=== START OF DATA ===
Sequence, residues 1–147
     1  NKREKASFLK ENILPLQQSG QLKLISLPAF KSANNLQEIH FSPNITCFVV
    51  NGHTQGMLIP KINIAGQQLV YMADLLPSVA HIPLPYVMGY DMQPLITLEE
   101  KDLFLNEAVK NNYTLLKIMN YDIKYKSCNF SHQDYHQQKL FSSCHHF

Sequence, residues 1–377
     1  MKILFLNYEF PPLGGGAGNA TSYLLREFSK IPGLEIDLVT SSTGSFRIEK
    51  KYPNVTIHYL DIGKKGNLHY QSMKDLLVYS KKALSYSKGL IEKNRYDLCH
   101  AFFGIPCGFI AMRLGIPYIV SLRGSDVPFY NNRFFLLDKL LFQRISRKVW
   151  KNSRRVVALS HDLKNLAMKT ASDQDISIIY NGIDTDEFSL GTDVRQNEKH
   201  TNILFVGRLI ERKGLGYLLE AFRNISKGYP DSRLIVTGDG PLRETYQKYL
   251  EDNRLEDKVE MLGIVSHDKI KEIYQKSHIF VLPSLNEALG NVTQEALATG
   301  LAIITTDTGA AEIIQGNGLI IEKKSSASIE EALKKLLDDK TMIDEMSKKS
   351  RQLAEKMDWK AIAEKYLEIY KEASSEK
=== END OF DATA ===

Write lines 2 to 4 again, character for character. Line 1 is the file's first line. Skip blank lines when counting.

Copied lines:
     1  NKREKASFLK ENILPLQQSG QLKLISLPAF KSANNLQEIH FSPNITCFVV
    51  NGHTQGMLIP KINIAGQQLV YMADLLPSVA HIPLPYVMGY DMQPLITLEE
   101  KDLFLNEAVK NNYTLLKIMN YDIKYKSCNF SHQDYHQQKL FSSCHHF